You Cannot Win By Losing
In Star Wars: A New Hope, the last Jedi Knight, Obi-Wan Kenobi, is confronted by his former pupil, Darth Vader, as he races to escape the Death Star. The two draw their lightsabers and pace warily around each other. After deflecting some heavy blows from Vader, Obi-Wan’s lightsaber flickers, and he appears tired and strained.
Vader gloats, “Your powers are weak, old man.”
The hard-put Obi-Wan replies, “You can’t win, Darth. If you strike me down, I shall become more powerful than you can possibly imagine.”
Obi-Wan backs away from Vader but finds his escape cut off by storm troopers. He is trapped. He gives a mysterious smile, raises his lightsaber, and allows Vader to cut him in half.
This is Obi-Wan’s gambit, or the “win by losing” strategy. Lately, it has emerged as a distinct genre of commentary about Donald Trump.
Take, for example, “The Article About Trump That Nobody Will Publish,” which promotes itself as having been rejected by 45 publications. That’s a credit to America’s editors, because the article is an industrial strength brew of wishful thinking, a flavor that is already becoming standard fare as a Trump presidency looms.
The authors give a boilerplate denunciation of Trump (he’s monstrous, authoritarian, unqualified, etc.), but then propose:
What would happen should Trump get elected? On the Right, President Trump would force the GOP to completely reorganize — and fast. It would compel them to abandon their devastating pitch to the extreme right. …
On the Left, the existence of the greatest impossible dread imaginable, of President Trump, would rouse sleepy mainline liberals from their dogmatic slumber. It would force them to turn sharply away from the excesses of its screeching, reality-denying, uncompromising and authoritarian fringe that provided much of Trump’s thrust in the first place.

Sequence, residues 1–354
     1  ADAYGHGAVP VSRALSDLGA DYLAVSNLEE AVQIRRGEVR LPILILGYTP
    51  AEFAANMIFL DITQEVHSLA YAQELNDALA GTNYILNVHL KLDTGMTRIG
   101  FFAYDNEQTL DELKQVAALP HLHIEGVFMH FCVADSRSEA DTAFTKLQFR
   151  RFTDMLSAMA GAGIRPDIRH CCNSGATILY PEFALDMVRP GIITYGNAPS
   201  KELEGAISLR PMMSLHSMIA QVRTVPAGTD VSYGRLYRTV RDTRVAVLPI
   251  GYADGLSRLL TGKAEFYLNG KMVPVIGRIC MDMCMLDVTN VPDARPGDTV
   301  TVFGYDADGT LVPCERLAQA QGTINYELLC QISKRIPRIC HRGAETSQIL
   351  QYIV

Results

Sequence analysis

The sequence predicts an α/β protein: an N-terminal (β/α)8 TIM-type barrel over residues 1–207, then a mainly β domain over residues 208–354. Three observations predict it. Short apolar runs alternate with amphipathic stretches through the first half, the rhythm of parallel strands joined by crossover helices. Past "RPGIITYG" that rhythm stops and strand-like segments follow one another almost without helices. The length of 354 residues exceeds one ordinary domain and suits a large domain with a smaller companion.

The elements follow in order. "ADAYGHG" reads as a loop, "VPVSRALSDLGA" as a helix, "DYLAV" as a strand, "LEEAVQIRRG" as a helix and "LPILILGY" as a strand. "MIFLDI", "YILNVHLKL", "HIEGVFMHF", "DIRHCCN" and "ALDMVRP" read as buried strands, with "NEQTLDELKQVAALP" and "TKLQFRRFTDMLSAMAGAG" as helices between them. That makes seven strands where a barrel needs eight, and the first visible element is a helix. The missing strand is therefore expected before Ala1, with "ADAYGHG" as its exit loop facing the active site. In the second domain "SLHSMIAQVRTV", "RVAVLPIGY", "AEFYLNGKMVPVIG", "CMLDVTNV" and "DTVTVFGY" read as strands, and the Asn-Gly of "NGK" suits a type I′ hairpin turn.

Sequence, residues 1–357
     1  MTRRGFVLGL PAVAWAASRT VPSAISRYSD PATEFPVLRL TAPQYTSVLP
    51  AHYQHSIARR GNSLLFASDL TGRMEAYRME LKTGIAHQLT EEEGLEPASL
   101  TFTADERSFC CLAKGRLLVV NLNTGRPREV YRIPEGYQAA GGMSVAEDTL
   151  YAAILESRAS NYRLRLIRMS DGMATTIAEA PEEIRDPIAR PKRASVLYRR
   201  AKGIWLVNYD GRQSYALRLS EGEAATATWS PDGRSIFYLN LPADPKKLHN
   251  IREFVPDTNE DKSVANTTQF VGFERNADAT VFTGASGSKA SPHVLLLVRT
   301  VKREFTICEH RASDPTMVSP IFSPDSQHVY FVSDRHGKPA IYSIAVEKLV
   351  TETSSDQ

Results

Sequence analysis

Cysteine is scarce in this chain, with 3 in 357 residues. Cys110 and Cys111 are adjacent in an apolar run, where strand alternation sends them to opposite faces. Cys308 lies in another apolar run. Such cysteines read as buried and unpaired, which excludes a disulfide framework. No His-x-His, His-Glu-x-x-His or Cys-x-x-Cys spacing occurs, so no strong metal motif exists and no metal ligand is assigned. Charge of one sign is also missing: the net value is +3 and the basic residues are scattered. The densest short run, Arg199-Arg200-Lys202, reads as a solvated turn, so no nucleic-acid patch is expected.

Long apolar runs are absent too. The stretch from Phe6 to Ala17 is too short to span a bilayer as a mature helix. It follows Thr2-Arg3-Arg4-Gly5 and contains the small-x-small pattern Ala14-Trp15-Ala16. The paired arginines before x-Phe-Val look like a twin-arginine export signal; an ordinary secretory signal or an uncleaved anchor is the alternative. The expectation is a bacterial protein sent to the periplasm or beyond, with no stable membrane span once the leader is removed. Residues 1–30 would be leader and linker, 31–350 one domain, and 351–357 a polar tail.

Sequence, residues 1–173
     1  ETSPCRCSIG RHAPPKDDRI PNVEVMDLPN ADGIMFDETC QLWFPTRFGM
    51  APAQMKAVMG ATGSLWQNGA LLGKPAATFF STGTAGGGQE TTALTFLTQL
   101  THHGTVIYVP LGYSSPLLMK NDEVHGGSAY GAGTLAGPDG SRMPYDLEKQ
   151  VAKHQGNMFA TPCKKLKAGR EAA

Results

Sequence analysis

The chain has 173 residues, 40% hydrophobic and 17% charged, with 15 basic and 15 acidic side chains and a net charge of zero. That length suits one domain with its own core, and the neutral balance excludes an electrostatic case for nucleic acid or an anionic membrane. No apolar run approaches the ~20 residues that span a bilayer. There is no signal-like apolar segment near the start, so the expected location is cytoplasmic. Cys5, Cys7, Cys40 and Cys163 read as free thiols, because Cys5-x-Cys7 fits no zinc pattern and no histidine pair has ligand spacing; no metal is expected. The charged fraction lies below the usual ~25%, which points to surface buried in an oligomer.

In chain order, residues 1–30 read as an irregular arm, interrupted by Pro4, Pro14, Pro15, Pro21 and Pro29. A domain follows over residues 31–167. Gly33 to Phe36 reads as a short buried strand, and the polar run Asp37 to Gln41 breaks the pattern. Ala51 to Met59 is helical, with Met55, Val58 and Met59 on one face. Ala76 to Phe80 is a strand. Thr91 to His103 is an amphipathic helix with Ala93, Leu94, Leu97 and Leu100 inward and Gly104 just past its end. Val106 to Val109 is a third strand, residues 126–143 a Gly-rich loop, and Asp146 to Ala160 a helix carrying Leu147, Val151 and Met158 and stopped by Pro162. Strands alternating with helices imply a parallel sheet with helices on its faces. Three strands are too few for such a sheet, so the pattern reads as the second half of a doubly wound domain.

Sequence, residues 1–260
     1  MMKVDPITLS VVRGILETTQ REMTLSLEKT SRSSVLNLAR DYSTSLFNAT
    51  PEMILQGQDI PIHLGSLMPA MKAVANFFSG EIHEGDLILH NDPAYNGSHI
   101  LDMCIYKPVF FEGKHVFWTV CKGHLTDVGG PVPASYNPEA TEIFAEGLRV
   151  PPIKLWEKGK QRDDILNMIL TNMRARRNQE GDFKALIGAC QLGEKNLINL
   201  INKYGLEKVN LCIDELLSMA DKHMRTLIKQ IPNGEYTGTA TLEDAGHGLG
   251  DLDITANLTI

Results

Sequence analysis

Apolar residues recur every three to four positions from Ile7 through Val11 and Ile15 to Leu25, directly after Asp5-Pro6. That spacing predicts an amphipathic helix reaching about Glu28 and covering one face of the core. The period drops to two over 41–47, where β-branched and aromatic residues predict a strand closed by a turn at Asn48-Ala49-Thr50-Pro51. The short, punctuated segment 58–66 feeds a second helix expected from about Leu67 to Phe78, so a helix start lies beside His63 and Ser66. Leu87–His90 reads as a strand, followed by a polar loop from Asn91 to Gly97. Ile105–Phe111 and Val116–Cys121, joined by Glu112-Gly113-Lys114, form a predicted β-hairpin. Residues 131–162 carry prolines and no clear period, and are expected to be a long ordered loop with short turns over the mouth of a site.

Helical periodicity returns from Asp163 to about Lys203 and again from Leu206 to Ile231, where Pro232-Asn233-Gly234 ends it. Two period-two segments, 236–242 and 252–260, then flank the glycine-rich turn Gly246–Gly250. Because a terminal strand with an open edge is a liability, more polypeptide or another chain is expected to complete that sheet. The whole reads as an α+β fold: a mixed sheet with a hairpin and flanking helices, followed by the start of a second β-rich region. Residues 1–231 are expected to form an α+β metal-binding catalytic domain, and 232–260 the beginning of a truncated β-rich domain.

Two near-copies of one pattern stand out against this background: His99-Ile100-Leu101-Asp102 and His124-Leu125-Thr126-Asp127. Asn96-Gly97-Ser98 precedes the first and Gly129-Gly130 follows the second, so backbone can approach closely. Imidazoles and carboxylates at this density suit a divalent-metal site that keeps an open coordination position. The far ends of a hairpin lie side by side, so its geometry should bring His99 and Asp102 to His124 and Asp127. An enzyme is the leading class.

Our daring contrarians predict, Trump “may actually represent an unpalatable but real chance at destroying these two political cancers of our time and thus remedying our insanity-inflicted democracy.”
You can’t win, Donald! Strike me down and I shall be… forced to completely reorganize and/or roused from dogmatic slumber!
The authors assert these claims as though they were self-evident, but they’re totally baffling. Why would a Trump win force the GOP to abandon the voters and rhetoric that drove it to victory? Why would it reorganize against its successful new leader? Why would a Hillary Clinton loss empower moderate liberals over the “reality-defying fringe”? Why would the left turn away from the progressives who warned against nominating her all along?
This is pure, unadulterated wishful thinking. There is no reason to believe these rosy forecasts would materialize under President Trump. That is not how partisan politics tends to work. Parties rally to their nominee, and electoral success translates into influence, influence into power, power into friends and support.
We’ve already seen one iteration of this “win by losing” fantasy come and go among the Never Trump crowd: the idea that Trump’s mere nomination would be a good thing, because (depending on your politics) it would (1) compel Democrats to nominate Bernie Sanders, (2) propel Clinton to a landslide general election victory, or (3) destroy the GOP and (a) force it to rebuild as a small-government party, (b) split it in two, or (c) bring down the two-party system.